THE Ingula pumped storage scheme in the Little Drakensberg escarpment in KwaZulu-Natal was recently the setting for a rope access inspection described as one of its trickiest yet by the company contracted for the job.
Ingula consists of an upper and a lower dam, each capable of holding about 22 million cubic metres of water. The two dams are 4.6 km apart and are connected by underground waterways that pass through a subterranean powerhouse with four 333 MW generators.
To generate electricity during times of peak demand, water is released from the upper dam, passing through the pump and turbines into the lower dam. During periods of reduced energy demand, the water is pumped from the lower back to the upper dam.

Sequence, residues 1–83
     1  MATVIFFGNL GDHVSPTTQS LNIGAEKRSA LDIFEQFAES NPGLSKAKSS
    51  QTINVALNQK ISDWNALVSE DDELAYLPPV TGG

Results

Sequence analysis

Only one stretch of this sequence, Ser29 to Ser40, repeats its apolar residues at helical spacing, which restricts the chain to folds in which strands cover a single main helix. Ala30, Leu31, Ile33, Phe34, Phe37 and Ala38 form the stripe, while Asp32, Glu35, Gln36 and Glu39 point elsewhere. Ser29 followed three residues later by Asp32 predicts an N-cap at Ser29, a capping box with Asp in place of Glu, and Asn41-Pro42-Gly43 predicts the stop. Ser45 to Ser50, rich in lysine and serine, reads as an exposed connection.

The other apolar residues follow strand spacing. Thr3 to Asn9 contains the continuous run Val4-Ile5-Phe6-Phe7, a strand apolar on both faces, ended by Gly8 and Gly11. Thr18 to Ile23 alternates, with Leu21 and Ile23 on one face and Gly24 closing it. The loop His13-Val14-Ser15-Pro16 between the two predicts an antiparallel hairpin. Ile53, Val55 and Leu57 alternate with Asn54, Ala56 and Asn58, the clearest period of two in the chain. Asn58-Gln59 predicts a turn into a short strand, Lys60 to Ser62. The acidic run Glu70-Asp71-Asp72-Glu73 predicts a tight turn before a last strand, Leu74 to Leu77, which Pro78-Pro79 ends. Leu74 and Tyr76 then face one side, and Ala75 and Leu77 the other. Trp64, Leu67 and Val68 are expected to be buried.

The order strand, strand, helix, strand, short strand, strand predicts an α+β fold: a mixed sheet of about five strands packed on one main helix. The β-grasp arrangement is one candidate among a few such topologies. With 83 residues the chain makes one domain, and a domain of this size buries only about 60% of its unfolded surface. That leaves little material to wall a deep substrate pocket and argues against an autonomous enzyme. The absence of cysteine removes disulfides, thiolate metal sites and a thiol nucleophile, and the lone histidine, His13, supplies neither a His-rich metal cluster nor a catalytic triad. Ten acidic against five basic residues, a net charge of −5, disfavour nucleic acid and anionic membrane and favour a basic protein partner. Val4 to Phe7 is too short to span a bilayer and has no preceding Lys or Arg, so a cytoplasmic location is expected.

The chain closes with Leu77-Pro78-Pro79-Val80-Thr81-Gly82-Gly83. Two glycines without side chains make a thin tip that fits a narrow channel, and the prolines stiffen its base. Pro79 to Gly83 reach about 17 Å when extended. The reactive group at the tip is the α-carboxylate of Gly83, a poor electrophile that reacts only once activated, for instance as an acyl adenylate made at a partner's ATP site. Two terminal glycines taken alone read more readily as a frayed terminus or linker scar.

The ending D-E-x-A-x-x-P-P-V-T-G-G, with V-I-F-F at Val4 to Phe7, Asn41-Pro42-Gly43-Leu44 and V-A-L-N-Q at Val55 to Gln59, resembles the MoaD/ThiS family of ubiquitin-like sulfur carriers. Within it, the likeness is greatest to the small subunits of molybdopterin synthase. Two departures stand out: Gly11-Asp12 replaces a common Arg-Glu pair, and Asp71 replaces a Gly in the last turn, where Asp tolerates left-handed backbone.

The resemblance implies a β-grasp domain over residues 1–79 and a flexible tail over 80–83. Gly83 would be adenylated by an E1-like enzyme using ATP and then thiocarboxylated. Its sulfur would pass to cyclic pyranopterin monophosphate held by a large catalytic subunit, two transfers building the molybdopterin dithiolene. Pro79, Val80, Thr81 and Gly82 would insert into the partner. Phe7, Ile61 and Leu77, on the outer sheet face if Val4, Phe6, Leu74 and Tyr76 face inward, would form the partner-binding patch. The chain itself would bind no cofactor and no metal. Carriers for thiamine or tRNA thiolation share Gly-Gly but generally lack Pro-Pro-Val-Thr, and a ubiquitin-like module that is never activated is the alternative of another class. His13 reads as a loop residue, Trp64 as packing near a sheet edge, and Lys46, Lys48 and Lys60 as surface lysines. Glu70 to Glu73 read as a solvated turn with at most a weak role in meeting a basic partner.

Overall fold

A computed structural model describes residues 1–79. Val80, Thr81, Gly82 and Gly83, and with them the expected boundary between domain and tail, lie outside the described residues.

Periodic inspection of the four units by specialised structural, civil or mechanical teams requires rope access and confined-space standby rescue. Both of these services were provided by rope-access specialist Skyriders after being awarded a contract for all four units in 2020, according to Marketing Manager Mike Zinn.
“The fact that the specialists themselves do not necessarily have any rope-access experience means that Skyriders deploys some of its highest qualified and most experienced technicians to provide the necessary assistance and access.
Zinn describing Ingula as one of the most challenging industrial environments Skyriders has been involved with to date.
He said the contract also marked a significant extension of the inspection, repair and access work his company has carried out for electricity utility Eskom over the years on its power-station fleet.